When the coalition government took office, it was announced they had agreed to bring the rate of CGT (Capital Gains Tax) for individuals (in respect of non-business assets) more in line with that of the higher rate of income tax.
From 23rd June 2010, there will be two main rates of CGT: 18% and 28% (replacing the single rate of 18% for all gains):-
- The rate paid by individuals will depend upon the amount of their total taxable income. Gains qualifying for entrepreneurs’ relief will be taxed at a rate of 10% and the lifetime limit of gains qualifying for entrepreneurs’ relief will be raised to £5 million (from the previous figure of £2 million)
- Gains of trustees or personal representatives of deceased persons will be charged at 28% (except where they qualify for Entrepreneurs’ relief). It is worth noting that non-domiciled individuals who pay the remittance basis charge of £30,000 will also always pay CGT at 28% regardless of their income levels
The reason for the change is because it was felt the differential between the recently introduced 50 per cent highest marginal rate of income tax and the 18 per cent maximum rate of CGT was too great. Two rates of CGT now promote a fairness in the tax system.
It was widely thought the changes would be effective from 6th April 2011, but Ministers decided to bring in the changes immediately so as to provide certainty to investors.
How do I know whether a gain is chargeable at 18% or 28%?
Gains on disposals made before 23 June 2010 are chargeable at 18%. Where gains qualify for entrepreneurs’ relief, the amount of the gain is reduced by 4/9 and the net gain is taxed at 18%. This produces an effective tax rate of 10%
Gains on disposals made on or after 23 June 2010 are chargeable at 18%, if they fall within your basic rate band, or 28% for gains above that level, unless they qualify for entrepreneurs’ relief in which case, they are chargeable at 10%
Note: If you have a mix of pre and post 23 June 2010 disposals with CGT gains, the pre 23 June 2010 gains do not count as using up your available basic rate band.
Note: If you deferred a gain in 2009 by investing in EIS (Enterprise Investment Scheme) shares, the gain would have been chargeable at 18%, if the gain comes back into charge on or after 23 June 2010, it will be chargeable at 18% or 28% depending upon your income tax liability.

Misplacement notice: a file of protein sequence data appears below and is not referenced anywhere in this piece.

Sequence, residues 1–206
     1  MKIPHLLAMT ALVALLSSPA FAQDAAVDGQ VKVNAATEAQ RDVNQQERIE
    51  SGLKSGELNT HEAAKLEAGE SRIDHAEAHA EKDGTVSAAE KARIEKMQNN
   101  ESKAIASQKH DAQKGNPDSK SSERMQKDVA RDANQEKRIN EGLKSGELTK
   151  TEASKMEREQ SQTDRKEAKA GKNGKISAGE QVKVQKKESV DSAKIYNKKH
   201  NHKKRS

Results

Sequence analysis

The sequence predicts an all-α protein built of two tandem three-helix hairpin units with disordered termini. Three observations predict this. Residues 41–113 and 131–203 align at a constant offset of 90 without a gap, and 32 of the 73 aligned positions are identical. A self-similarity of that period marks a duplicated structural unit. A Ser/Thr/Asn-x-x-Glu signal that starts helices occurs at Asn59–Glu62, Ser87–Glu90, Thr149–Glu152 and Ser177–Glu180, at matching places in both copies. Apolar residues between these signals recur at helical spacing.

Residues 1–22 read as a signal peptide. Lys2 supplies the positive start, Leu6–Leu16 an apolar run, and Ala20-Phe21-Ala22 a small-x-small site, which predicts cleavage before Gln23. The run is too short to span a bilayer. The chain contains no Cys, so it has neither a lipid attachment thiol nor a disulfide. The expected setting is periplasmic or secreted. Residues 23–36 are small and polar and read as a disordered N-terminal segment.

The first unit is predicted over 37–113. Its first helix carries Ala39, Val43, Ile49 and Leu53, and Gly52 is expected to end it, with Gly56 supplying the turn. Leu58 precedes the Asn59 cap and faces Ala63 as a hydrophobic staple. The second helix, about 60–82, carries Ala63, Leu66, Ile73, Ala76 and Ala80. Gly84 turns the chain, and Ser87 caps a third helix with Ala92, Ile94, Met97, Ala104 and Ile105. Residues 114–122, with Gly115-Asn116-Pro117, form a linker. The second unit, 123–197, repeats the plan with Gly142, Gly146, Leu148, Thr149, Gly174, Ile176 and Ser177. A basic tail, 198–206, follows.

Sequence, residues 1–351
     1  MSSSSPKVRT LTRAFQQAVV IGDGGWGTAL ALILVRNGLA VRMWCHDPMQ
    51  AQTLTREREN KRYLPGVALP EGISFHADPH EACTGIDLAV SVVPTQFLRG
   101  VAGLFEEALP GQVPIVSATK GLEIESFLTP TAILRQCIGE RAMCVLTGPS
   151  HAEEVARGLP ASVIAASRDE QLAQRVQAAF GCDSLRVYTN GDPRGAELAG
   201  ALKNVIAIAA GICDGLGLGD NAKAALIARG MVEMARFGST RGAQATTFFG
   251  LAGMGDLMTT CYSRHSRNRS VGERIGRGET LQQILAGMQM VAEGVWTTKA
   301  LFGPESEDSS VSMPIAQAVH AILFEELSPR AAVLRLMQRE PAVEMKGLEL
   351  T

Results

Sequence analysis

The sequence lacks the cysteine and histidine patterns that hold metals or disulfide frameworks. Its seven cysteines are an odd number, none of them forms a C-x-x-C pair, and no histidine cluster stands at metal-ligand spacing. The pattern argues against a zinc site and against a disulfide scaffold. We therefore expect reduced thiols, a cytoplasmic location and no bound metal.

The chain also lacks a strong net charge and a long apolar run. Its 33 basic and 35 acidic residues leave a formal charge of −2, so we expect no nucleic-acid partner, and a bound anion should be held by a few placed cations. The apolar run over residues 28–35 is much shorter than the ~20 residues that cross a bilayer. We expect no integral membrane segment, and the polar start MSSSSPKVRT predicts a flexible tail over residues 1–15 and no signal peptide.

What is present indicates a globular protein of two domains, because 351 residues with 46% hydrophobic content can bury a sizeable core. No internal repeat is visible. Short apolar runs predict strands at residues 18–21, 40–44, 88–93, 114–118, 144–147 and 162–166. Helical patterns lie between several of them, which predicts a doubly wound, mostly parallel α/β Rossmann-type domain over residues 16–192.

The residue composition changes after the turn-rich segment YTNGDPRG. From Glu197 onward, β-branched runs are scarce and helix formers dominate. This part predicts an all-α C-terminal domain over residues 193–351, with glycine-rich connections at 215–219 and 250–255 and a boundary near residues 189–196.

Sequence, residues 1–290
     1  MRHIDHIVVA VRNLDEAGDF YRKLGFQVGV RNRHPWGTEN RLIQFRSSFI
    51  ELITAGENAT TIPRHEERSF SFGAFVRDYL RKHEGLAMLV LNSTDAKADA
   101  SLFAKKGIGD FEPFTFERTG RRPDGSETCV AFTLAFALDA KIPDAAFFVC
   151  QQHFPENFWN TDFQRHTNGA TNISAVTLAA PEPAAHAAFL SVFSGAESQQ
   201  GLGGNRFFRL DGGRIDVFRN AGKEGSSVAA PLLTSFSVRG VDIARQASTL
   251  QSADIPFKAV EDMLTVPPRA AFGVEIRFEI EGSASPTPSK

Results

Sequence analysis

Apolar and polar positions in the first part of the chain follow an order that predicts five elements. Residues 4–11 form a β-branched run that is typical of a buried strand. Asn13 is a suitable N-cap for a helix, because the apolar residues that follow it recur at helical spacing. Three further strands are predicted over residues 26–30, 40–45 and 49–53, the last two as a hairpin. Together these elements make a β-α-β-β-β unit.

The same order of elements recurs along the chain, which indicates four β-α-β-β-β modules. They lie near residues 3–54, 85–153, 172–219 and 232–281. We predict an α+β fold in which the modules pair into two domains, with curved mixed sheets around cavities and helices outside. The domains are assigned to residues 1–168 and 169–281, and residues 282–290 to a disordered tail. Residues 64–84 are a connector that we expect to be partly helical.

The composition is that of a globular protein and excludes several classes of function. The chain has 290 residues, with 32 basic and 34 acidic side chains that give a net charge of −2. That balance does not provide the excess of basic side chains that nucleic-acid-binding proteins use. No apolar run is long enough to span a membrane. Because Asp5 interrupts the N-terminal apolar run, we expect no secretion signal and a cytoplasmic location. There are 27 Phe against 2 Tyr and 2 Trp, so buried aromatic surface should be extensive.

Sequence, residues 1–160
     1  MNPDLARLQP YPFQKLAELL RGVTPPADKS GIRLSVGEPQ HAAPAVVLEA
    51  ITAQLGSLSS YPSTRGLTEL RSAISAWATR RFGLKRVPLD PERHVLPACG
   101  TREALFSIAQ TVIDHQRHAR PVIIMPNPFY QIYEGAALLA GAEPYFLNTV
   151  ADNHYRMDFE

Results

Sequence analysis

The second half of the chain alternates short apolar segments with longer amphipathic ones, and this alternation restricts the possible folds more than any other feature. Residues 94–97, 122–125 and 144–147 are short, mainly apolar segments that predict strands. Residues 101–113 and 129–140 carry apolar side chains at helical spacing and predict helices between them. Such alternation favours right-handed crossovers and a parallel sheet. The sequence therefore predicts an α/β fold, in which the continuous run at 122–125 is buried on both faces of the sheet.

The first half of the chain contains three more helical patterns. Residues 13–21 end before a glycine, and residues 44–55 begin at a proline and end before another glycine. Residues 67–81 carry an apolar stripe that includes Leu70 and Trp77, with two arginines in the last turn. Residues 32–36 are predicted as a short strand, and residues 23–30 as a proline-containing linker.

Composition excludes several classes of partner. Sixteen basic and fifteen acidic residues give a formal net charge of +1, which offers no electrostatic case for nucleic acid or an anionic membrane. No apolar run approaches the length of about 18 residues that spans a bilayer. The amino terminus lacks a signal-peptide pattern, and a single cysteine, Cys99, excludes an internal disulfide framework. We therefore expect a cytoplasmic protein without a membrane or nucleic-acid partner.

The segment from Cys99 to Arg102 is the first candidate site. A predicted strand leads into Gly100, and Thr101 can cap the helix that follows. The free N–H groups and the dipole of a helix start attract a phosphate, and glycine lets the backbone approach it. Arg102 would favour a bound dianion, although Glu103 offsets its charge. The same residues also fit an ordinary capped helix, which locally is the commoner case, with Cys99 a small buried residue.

What if I have elected to pay tax on the remittance basis because I am not domiciled in the UK?
Gains arising (or treated as arising) before 23 June 2010 are chargeable at 18%. For gains arising on or after 23 June 2010, the rate will depend upon whether your income exceeds the amount of your basic rate band. If any rate band is not used, gains up to the unused amount are chargeable at 18% and all other gains are chargeable at 28%. If you pay the £30,000 “remittance basis charge”, you are deemed to have used up your full lower rate allowance and any gains will be taxed at 28%.
The Government continues to support entrepreneurs by increasing the lifetime limit for entrepreneurs’ relief to £5 million. This means, the first £5 million of gain will be taxed at 10%. The conditions for qualifying for entrepreneurs’ relief are complex and there are a number of conditions which must be met but, broadly, the following assets would qualify for the relief:-
- The whole or part of a business (as defined for this purposes) as a going concern
- Disposals of assets, or interests in assets, which were used for the purposes of the individual’s business that has now ceased, provided they were in use for those purposes at the time of the cessation
- Shares or securities of a company or of an interest in such shares and securities
- Assets used in a partnership or company if the disposal coincides with the individual’s withdrawal from the partnership or with the sale of their shares in the company
In most cases, the assets must have been held for at least one year and, in the case of shares, the individual must for the same period also own at least 5 percent of the ordinary share capital and have at least 5 percent of the voting rights and be an officer or employee (full or part-time) of the company, or one of the companies in the group.
For full details of current tax rates and limits go to HMRC website: http://www.hmrc.gov.uk/rates/it.htm